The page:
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Jemal seeks 80% cut in Hyatt Regency assessment

Jemal seeks 80% cut in Hyatt Regency assessment

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Hyatt Regency

The lobby of the Hyatt Regency Buffalo. Washington developer Douglas Jemal has completed his purchase of the foreclosed commercial mortgage loan on the hotel, giving him the inside track to controlling yet another major piece of downtown Buffalo.

Washington developer Douglas Jemal is once again challenging the tax assessment on one of his major properties – this time, the closed Hyatt Regency Buffalo that he is acquiring from Snyder Corp.

Jemal, on behalf of Genesee Hotel Properties, is asking the City of Buffalo to cut the assessed value of the 396-room full-service downtown hotel by nearly 80%.

That would lower the assessed value of the 350,000-square-foot hotel from $18 million currently to $3.72 million.

The fair market value, similarly, would fall from $20.34 million to $4.2 million. Buffalo assesses properties at 88.5% of their fair market value.

A separate 27,000-square-foot office portion of the property is currently assessed at $1.7 million, with a fair market value of $1.92 million. Jemal wants that lowered to a $430,000 assessment, with a market value of $486,000.

The application filed by attorney Peter Allen Weinmann notes that the hotel "is closed, vacant and non-income producing" because of the Covid-19 pandemic, and is now in foreclosure, with a court-ordered receivership in place to manage the property.

"I expect some resistance to the precise value. They won't resist that fact that it should have a lower tax assessment, because there is no longer an income stream, and this in all likelihood would be a temporary fix," Weinmann said. "On the other hand, the city sometimes has gone to the mat in cases, and we have had to fight tooth and nail for tax justice."

Read the full story from News Business Reporter Jonathan Epstein

Jemal last June challenged Amherst's $30 million assessment on the Boulevard Mall, citing his $24.05 million purchase price, the plunge in business because of the pandemic, and the uncertainty of consumers' returning. Town officials, however, said they wouldn't budge, and planned to take the fight to court. Weinmann is also representing the developer on the mall.

In the application for the Hyatt, Weinmann cites recent comparable sales of the 226,200-square-foot Rand Building at 14 Lafayette Square and the 238,000-square-foot A&P warehouse building at 545 Swan St. Rand sold for $3.9 million in 2015, or $17 per square foot, while A&P sold for $1.5 million in 2016, or $6 per square foot.

Those divergent prices yield an average of $12 per square foot, Weinmann argues. Applying that to the two Hyatt components yields the requested new assessments.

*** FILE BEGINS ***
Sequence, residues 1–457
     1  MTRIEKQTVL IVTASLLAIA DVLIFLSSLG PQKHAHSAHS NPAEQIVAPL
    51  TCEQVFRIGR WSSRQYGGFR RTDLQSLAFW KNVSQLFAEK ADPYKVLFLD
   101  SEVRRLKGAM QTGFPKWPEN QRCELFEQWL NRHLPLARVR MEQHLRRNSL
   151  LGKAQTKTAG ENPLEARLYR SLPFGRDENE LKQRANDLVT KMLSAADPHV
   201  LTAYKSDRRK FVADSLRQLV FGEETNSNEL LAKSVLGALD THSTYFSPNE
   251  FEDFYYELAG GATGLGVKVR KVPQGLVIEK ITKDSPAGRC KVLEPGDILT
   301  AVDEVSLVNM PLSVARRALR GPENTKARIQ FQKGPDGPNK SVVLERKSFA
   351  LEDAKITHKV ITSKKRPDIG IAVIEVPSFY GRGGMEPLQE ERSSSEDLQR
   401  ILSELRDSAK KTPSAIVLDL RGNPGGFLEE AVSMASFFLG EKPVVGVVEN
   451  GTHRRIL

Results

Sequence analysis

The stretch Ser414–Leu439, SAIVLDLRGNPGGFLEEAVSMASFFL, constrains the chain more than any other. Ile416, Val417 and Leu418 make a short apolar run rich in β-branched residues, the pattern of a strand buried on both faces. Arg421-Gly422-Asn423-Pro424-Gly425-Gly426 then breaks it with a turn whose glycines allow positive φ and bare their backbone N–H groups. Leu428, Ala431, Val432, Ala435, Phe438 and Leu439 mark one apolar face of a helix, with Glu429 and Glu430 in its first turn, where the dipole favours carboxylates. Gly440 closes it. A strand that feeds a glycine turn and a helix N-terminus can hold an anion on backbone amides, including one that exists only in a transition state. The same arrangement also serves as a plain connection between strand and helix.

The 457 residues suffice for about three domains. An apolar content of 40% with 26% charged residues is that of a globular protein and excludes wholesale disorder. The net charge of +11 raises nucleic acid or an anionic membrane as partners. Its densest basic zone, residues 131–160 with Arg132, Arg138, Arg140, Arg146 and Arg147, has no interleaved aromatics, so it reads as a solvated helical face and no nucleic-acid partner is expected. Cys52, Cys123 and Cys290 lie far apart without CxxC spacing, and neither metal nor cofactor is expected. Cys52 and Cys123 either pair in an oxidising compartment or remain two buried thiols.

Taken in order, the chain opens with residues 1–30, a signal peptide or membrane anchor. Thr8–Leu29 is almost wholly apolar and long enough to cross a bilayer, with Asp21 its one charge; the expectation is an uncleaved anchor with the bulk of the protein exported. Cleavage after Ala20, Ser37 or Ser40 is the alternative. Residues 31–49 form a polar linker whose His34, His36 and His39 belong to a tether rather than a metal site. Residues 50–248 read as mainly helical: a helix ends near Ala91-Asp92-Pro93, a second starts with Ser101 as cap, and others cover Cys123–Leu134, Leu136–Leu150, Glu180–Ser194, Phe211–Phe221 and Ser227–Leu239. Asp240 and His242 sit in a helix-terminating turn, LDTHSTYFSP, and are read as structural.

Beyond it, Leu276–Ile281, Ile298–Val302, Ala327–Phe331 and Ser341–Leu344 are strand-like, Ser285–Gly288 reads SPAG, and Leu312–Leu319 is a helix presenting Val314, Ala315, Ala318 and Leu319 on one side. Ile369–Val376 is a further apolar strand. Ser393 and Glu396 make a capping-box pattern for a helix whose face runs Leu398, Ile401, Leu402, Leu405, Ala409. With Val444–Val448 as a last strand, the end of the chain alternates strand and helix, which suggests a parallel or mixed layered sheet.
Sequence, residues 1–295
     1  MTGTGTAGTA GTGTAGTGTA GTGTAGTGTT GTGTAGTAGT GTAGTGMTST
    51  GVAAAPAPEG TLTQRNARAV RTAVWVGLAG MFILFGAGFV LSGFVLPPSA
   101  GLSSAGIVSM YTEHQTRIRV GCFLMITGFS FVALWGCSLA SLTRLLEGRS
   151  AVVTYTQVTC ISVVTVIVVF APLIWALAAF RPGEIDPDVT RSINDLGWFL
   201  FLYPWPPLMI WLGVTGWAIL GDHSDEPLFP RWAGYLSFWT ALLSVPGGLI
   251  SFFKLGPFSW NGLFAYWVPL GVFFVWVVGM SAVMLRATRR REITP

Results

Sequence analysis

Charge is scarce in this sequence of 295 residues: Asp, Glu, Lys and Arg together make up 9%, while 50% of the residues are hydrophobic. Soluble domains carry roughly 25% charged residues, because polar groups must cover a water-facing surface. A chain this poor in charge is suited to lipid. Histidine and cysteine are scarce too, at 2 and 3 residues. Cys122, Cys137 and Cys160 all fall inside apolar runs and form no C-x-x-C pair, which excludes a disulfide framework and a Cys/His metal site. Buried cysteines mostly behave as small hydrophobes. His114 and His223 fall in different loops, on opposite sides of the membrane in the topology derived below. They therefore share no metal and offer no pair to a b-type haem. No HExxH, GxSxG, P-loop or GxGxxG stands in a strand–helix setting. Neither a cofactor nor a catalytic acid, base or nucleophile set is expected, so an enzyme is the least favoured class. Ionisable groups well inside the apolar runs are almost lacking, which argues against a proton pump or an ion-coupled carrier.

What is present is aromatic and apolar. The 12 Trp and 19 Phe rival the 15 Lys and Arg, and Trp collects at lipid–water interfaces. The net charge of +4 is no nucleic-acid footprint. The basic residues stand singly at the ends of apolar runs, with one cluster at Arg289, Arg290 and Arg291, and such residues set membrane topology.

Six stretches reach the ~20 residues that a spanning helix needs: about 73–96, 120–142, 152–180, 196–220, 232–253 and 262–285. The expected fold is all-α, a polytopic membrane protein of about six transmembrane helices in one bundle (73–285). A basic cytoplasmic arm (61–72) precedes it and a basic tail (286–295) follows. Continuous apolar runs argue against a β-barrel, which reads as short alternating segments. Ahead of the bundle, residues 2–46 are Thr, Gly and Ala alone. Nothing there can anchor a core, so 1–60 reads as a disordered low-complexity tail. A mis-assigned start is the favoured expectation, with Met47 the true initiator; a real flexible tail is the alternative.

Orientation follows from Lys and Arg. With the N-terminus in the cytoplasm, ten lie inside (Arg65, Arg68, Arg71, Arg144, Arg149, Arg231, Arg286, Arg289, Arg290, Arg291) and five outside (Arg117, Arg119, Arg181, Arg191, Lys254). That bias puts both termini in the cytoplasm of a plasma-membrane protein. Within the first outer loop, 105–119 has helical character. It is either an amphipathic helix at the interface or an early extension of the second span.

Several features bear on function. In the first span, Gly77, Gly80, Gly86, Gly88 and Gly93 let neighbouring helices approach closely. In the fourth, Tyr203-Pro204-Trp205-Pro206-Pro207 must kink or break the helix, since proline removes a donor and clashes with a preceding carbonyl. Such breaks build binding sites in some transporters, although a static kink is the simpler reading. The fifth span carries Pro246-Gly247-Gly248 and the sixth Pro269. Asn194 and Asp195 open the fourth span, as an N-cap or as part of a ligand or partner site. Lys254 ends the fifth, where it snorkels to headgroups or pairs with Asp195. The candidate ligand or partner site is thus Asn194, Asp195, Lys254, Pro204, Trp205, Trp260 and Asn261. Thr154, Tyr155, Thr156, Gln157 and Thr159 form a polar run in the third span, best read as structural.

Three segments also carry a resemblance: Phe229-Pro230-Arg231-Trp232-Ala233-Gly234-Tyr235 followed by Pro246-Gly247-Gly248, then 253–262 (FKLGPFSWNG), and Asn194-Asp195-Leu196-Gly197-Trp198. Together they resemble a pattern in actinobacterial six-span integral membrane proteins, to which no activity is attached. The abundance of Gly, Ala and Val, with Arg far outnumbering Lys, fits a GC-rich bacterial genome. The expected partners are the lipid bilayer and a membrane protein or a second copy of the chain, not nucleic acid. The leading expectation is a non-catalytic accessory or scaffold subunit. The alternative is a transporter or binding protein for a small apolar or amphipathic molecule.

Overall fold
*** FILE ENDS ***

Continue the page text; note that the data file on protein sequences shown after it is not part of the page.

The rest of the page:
Weinmann acknowledged that the two sales he cites are very different than the Hyatt, but said that's not unusual in commercial real estate valuations.

"Those are the two closest comparable sales we could come to in terms of size and similarity," Weinmann said. "It's not quite a unicorn, but it's close to it, so we have to do the best we can. Both of them are large, old monstrosities that recently sold."

Developed from the historic Genesee Building that sits on 1.8 acres and dates to 1922, the 16-story Hyatt opened in 1984, and was renovated in 2008-2009. It includes more than 27,000 square feet of function space with 10 meeting rooms, three dining options, a fitness center and spa, an indoor swimming pool, a full-service business center and a gift shop and newsstand.

The full-service hotel has been owned by Snyder since opening, but it fell into foreclosure last spring after Snyder got into a fight with Hyatt Hotels Corp. and defaulted on its $20.5 million mortgage. At the time Snyder obtained the mortgage, the Hyatt had been valued at $39 million by an independent appraisal.

The flagship hotel – the second largest in the city – had been a strong performer but lost the bulk of its occupancy after the pandemic shut down virtually all business, convention and leisure travel. Hyatt – which operated the hotel for Snyder under a unique management agreement that it wanted to get out of – demanded that Snyder put up $2 million plus working capital to support operations, and then terminated the agreement and laid off the staff last May when Snyder refused.

The special mortgage servicer, LNR Partners of Miami, filed for foreclosure in June after Hyatt announced its pull out and closure, and the court appointed attorney Raymond Walter as receiver. He then hired Aimbridge Receiver Services to manage the property, which has been closed since the March.

LNR put the mortgage up for sale, and Jemal bought the loan. The price was not disclosed, but the sale resulted in a "bigger-than-expected" loss of $10.8 million for the bondholders that previously owned the mortgage, according to Trepp LLC. Jemal then began talks with Snyder to take full possession of the property through a deed-in-lieu-of-foreclosure, which Weinmann said the two parties are "working on."

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